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an island group off the western coast of North America; part of Alaska, USA. Consisting of 1,100 islands and cliffs, it covers a total area of 36,800 sq km. The largest islands are Prince of Wales, Admiralty, Baranof, Chichagof, and Kupreanof. Composed of intrusive and metamorphic rocks, the archipelago has a mountainous landscape rising to an elevation of 1,432 m. The shores are steep, with many fjords. The channels between the islands and the mainland form a convenient inner ice-free navigation route. The climate is temperate and oceanic, with the average temperature in January ranging between –1.6° and 1.2°C and in July, between 12° and 14°C. The annual precipitation is 2,000–3,000 mm. Up to an altitude of 1,000–1,100 m, the islands are covered with dense fir tree forests and above that, with mountain meadows. The population is about 30,000 (1963), including 8,000–9,000 native residents. The major industries are fur farming and salmon fishing. The archipelago was discovered in 1741 by the Russian expedition of Bering and Chirikov. Until 1867 it was the center of the Russian colony in America with the capital in the city of Sitka, which was called Novo Arkhangel’sk between 1804 and 1867.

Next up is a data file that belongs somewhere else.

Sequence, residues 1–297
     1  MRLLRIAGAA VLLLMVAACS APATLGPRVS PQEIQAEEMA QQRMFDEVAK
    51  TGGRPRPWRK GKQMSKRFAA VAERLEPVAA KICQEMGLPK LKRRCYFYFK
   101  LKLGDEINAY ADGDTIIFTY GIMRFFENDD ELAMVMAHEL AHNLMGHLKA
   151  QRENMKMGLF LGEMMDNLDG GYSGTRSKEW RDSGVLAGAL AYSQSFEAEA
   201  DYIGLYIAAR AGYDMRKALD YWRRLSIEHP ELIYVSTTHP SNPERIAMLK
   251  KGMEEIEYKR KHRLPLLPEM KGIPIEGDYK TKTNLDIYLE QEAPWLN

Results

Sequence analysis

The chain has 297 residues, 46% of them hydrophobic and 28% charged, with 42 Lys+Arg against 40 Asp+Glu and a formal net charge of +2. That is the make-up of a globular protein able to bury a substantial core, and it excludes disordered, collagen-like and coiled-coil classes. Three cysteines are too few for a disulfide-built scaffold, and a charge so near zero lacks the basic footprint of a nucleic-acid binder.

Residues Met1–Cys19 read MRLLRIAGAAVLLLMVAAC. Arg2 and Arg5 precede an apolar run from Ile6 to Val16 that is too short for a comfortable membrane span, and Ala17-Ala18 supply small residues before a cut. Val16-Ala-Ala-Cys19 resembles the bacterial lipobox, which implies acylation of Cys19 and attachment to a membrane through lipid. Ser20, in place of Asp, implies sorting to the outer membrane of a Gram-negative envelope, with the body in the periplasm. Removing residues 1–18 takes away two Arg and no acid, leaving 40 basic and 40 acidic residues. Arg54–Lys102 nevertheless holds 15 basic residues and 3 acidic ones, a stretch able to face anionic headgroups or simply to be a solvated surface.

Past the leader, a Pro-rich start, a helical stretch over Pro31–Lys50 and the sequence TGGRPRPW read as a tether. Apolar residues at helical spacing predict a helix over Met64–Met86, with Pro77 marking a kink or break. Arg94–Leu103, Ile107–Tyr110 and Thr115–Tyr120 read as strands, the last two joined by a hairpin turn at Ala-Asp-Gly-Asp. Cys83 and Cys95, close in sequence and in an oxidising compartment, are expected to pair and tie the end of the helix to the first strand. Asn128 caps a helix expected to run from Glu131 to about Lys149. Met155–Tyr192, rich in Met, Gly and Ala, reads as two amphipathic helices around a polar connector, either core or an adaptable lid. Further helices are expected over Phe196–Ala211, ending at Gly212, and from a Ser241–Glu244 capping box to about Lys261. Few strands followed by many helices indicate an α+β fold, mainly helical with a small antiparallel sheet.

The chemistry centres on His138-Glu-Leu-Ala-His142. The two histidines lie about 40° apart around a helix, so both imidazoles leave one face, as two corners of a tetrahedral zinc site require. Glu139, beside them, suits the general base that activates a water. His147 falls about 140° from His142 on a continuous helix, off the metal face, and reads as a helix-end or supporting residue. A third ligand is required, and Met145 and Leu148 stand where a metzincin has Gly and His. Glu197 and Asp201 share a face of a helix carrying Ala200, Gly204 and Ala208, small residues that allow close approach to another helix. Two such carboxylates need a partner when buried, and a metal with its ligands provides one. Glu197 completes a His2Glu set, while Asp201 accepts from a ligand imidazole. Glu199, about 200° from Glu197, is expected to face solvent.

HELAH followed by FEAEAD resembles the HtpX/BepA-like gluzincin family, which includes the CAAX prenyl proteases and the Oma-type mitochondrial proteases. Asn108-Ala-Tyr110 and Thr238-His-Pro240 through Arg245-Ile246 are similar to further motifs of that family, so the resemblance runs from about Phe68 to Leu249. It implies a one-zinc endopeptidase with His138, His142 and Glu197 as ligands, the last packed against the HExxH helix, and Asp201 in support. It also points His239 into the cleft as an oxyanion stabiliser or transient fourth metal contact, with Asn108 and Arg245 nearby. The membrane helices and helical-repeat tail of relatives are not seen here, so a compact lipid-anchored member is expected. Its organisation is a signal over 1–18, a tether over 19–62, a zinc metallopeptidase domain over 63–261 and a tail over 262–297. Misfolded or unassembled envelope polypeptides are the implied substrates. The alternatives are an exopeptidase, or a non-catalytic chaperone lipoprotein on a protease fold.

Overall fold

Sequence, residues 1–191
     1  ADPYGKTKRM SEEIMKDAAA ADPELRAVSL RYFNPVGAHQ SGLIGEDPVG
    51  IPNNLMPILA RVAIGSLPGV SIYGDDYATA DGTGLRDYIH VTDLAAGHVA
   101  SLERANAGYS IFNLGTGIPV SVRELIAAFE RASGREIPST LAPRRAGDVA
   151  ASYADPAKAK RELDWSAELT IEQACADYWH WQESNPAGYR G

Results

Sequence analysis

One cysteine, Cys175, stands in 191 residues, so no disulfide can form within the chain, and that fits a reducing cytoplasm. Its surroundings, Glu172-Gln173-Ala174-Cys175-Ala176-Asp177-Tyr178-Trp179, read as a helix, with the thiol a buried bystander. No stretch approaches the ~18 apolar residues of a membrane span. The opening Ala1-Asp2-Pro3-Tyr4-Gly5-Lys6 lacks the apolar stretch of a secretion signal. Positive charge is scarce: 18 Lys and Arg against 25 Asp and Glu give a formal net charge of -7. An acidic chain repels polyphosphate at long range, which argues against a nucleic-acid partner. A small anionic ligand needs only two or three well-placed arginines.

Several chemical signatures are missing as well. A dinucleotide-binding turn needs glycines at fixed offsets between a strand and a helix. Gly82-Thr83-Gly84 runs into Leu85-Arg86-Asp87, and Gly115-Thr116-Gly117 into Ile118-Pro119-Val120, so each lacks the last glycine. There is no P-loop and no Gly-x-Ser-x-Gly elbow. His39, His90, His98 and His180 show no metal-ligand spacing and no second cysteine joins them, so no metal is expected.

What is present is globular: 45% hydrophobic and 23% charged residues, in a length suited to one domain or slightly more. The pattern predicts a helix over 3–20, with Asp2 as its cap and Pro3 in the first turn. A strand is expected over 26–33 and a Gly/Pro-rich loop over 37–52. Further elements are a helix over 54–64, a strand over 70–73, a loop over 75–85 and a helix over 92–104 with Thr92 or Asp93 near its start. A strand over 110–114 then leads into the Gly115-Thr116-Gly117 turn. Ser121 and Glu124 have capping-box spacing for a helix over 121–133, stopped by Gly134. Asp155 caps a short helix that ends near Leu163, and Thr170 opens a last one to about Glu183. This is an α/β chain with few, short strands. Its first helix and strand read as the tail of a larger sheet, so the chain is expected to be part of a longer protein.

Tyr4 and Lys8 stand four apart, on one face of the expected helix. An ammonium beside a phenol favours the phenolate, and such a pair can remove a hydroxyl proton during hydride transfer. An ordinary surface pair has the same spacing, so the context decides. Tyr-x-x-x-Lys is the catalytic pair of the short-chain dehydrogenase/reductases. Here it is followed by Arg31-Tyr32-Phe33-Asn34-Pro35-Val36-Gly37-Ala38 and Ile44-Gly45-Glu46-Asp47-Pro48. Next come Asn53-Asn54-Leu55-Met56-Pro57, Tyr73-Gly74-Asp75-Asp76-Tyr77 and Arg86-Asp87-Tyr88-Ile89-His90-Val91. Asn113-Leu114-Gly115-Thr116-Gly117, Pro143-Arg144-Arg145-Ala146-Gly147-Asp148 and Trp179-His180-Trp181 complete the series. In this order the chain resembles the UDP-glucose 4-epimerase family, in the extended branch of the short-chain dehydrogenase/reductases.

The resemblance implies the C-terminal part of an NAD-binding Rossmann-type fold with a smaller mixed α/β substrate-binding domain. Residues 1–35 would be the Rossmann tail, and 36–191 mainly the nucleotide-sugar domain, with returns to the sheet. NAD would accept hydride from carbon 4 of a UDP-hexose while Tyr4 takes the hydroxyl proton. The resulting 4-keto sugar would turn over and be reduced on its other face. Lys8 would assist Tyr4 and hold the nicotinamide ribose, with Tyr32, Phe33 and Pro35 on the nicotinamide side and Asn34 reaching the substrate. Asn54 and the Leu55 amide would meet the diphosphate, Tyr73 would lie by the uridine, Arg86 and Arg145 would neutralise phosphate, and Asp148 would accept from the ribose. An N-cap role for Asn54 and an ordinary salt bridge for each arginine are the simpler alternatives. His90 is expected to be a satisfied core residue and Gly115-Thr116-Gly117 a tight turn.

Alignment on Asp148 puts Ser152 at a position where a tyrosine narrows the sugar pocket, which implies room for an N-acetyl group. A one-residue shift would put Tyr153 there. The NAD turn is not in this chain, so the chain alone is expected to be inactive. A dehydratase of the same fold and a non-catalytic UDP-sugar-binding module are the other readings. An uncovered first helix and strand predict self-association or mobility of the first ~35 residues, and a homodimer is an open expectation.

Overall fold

REFERENCESAgranat, G. A., A. B. Kupriianov, and V. F. Puzanova. Naselenie i resursy Amerikanskogo Severa. Moscow, 1963.
Landscapes of Alaska. Edited by H. Williams. Berkeley-Los Angeles, 1958.